In Wisconsin, however, nothing changes when it snows.  I'm preeeetty sure their definition of inclement weather here is a whiteout, below-zero temperatures, and a tsunami coming off Lake Michigan.  Simultaneously.  Because work ain't cancelled, baby showers aren't cancelled and no one goes home early if around, say 3:30, it starts snowing at your place of work with such fury that your car is suddenly buried and no one has cell reception.  And you too would feel like a total pansy if you stood up and peaced out because you were such a thumb-sucking baby that didn't believe in driving in the snow.  Because girl, if you don't drive in the snow here, you're not going anywhere.  For a very long time.

So I stuck it out until five, gathered my things and trudged out to my car.  I had to use the ice scraper-slash-snow brusher offer to get all the snow from Ruby while she idled, and then I started my long journey home to Racine from Milwaukee in really bad conditions.  It was like the snow surprised everybody, especially Wisconsin's equivalent to VDOT.  WDOT?  And the roads weren't plowed at all.  I was white-knuckling my steering wheel on the interstate all the way home.  It was impossible to change lanes without your backend squirrelling around, so I just stuck to my lane while brazen Neons and 18-wheelers flew past, probably jamming out to Pink and smoking a cigarette in their cab.  Wisconsin-born.

I finally got off at my Racine exit and was desperate for gas at this point.  So as I start to turn right into the gas station, my car decides: no.  We're not going that way.  In fact we're skidding the opposite way.  Right towards a concrete median with a big stoplight mounted in the middle of it.  It all happened in slow motion.  It wasn't dramatic or heart racing.  It was more like "Ah man! No, man! Crap." My car banged into the concrete base of the stoplight and then the stoplight fell on my car.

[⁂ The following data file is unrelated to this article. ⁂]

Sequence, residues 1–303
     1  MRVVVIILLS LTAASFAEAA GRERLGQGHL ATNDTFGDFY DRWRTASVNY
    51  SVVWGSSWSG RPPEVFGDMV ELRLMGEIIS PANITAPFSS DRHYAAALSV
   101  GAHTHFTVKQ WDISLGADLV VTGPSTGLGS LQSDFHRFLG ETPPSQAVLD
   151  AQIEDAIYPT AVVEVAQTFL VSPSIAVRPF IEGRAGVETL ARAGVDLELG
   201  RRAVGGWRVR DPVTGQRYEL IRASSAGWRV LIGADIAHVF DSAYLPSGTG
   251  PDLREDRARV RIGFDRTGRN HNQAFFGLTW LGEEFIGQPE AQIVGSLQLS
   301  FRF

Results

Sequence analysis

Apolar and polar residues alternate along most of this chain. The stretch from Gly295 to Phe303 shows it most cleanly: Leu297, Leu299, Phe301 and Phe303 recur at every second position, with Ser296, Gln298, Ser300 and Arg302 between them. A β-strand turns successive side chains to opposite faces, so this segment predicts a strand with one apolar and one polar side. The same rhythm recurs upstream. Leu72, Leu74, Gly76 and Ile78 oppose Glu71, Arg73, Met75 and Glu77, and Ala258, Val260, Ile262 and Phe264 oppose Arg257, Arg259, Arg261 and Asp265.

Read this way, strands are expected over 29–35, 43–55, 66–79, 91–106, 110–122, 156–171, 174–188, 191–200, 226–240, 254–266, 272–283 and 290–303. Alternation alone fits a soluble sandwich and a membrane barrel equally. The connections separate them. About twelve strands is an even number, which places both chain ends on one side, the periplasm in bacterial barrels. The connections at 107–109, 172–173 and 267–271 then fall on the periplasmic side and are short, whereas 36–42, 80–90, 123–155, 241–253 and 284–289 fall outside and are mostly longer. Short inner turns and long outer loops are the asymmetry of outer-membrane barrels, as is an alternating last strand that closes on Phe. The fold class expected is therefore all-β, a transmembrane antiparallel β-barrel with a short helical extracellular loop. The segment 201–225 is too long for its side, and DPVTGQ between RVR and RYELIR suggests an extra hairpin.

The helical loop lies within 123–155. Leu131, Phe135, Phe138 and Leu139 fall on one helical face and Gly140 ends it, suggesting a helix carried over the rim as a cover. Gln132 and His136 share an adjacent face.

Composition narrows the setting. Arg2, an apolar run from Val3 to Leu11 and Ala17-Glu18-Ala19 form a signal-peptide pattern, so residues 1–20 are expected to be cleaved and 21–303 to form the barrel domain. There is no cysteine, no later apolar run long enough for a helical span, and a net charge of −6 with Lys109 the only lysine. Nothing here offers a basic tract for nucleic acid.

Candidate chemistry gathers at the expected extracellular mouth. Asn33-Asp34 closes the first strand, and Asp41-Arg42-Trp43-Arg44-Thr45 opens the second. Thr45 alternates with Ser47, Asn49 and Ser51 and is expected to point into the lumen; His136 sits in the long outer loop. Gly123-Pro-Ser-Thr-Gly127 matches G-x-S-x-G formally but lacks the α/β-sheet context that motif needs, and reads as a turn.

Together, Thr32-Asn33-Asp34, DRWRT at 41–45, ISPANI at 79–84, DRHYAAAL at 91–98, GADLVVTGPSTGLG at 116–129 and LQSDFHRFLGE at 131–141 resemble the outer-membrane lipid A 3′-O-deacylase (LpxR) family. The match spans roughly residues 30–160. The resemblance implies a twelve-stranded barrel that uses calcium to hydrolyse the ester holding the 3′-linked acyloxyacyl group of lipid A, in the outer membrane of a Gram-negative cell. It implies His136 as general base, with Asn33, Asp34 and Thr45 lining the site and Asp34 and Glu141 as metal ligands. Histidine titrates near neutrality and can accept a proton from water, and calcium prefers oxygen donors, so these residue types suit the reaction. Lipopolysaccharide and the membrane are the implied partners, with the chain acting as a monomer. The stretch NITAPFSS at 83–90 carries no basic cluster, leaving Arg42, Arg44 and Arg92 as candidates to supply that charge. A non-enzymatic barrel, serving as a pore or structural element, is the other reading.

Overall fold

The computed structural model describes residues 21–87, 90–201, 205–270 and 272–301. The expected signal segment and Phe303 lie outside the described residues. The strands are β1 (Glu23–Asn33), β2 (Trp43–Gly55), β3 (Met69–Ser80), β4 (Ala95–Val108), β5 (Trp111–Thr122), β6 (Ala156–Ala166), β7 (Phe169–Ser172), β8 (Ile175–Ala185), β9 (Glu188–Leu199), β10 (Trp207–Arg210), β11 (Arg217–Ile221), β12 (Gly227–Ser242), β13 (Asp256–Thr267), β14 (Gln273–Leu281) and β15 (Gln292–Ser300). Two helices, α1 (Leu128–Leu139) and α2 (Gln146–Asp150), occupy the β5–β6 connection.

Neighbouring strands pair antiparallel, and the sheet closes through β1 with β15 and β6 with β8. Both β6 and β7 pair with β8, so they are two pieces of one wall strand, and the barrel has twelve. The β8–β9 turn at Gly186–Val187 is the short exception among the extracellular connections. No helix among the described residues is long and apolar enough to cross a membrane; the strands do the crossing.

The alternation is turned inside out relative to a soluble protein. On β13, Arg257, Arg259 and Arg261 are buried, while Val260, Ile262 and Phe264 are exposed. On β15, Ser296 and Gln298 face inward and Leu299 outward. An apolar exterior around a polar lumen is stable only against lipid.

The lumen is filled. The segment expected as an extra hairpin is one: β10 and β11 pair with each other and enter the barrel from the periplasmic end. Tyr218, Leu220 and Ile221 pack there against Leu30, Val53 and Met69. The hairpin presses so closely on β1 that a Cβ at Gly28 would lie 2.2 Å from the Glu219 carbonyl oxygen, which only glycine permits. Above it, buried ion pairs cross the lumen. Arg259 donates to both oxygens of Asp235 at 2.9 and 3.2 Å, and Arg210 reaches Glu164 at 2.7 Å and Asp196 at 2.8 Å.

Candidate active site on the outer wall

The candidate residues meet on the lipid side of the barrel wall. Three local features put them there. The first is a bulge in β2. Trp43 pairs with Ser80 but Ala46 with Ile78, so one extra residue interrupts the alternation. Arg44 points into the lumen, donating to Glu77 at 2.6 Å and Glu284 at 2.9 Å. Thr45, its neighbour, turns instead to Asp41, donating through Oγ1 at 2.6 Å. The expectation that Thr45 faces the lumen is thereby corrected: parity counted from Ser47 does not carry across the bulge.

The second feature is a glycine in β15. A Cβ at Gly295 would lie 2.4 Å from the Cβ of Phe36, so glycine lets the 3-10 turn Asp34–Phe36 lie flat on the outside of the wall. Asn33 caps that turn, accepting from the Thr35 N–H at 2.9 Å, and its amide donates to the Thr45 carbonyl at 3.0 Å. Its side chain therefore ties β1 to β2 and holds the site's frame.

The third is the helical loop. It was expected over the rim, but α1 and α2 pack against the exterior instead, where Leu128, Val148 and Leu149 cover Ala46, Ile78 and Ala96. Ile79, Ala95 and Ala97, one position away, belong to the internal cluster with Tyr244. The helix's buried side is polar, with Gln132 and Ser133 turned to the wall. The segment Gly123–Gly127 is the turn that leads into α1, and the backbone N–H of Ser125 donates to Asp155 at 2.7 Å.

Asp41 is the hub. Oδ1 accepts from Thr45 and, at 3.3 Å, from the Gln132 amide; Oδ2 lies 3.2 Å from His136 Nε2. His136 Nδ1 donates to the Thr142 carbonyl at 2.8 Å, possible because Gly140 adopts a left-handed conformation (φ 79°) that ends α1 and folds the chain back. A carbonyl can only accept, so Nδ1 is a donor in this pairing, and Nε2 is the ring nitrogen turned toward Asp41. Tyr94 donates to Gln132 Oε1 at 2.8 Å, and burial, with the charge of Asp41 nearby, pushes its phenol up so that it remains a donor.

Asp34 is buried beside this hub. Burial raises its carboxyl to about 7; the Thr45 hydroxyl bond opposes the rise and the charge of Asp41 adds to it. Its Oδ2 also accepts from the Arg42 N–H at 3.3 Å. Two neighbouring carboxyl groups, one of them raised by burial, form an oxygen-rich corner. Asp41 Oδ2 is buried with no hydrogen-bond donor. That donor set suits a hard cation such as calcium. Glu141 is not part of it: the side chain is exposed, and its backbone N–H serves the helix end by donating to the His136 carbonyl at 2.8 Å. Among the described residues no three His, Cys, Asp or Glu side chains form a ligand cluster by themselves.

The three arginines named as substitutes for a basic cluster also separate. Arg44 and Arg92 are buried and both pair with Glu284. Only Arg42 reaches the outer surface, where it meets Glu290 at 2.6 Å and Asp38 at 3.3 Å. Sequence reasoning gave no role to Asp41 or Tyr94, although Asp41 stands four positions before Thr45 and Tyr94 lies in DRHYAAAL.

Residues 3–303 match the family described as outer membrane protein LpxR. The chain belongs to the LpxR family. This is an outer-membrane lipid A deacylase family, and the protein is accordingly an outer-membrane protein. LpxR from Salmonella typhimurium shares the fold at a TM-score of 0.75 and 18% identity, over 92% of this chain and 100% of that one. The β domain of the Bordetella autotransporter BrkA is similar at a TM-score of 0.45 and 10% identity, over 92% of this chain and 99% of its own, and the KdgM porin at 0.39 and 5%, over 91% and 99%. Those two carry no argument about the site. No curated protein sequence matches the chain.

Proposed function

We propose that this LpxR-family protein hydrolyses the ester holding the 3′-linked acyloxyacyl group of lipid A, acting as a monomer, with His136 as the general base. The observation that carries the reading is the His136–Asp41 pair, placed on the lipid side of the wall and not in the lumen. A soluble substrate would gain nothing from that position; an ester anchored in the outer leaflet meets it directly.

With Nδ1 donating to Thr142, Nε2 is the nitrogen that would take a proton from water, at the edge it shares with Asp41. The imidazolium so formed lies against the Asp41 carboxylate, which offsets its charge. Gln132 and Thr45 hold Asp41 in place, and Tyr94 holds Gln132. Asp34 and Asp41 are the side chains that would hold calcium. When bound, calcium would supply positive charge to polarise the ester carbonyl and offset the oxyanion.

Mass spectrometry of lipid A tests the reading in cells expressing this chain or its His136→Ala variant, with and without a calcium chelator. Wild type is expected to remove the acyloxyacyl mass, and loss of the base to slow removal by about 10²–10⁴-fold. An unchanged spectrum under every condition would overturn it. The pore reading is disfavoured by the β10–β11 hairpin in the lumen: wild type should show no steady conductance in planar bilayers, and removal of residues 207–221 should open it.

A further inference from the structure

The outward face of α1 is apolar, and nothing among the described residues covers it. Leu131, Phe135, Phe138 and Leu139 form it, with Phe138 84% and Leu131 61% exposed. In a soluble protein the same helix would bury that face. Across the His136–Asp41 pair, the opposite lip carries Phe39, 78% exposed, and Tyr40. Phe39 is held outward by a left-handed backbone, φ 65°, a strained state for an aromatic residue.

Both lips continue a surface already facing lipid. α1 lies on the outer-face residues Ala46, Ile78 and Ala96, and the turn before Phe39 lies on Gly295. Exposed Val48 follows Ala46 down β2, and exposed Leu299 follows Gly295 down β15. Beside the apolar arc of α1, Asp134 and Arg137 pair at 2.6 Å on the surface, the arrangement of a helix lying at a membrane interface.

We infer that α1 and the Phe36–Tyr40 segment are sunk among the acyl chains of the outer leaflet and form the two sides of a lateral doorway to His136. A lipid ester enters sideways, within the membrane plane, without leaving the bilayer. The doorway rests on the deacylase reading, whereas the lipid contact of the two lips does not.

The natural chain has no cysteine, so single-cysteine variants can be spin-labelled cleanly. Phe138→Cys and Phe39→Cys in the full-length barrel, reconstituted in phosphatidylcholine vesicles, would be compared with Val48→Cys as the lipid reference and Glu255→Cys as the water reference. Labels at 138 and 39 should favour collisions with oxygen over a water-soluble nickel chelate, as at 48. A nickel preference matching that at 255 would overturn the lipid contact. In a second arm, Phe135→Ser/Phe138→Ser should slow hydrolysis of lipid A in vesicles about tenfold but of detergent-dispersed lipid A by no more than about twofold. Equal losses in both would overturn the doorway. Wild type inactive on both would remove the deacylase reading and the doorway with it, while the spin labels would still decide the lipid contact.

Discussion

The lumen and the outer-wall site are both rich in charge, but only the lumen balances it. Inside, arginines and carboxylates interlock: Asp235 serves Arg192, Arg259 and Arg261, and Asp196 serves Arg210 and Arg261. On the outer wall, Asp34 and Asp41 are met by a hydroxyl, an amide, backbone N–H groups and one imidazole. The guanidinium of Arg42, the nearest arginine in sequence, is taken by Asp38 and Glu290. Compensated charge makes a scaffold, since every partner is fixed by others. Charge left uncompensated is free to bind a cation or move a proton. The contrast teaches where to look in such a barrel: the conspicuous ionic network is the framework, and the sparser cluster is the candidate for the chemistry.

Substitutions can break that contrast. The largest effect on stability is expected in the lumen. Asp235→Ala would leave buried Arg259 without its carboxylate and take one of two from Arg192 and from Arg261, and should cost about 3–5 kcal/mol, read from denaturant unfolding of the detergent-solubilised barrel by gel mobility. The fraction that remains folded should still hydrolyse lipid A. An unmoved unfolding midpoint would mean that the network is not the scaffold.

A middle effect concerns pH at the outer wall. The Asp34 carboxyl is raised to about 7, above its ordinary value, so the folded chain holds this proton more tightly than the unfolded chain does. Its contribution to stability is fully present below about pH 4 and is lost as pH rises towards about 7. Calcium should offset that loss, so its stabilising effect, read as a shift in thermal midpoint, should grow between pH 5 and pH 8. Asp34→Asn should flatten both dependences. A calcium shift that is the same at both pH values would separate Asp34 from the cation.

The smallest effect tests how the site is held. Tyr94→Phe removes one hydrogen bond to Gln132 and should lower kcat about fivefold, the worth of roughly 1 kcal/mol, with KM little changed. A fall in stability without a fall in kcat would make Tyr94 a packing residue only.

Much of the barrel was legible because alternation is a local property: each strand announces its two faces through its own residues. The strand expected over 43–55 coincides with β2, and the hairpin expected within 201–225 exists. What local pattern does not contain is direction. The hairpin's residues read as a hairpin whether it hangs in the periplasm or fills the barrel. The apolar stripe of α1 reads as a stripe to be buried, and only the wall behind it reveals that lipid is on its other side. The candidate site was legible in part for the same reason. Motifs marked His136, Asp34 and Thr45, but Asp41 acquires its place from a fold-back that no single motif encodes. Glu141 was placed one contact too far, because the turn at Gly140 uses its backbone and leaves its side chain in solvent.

By stoplight I mean a big steel pole with a diamond-shaped sign on top that holds three big red, yellow and green bulbs.  On my car.  Unbelievable.  I'm too proud to leave work early and the price I pay is having a stoplight on my car.  Ruby is actually OK.  No windshield busted, just a dented hood and some undercarriage stuff, whatever that means.  My airbags didn't even go off.  But still.  A stoplight on my car?  A stoplight that costs ten thousand dollars that belongs to the city that I have to my insurance company has to pay for?

The policeman looks at my license and says to me "Welcome to Wisconsin."

And I say "This is inclement weather!"


  1. i laughed, a lot, at your expense on this one. mostly because the same thing would totally happen to me :[ so sorry that it happened, but thanks for sharin!

  2. WHAT THE HECK!?!?!? A. stop. light. fell. on. your. car.

  3. That's the most epic car wreck ever...and yes, I definitely laughed, but it was the kind of nervous laugh you do with wild eyes, you know, the moment following the initial incident where you realize you were one lucky dog to have not had a green tinted light bulb cover shatter and embed plastic into your squeaky clean Neutrogena face. Great story. We miss you over yonder in the VA.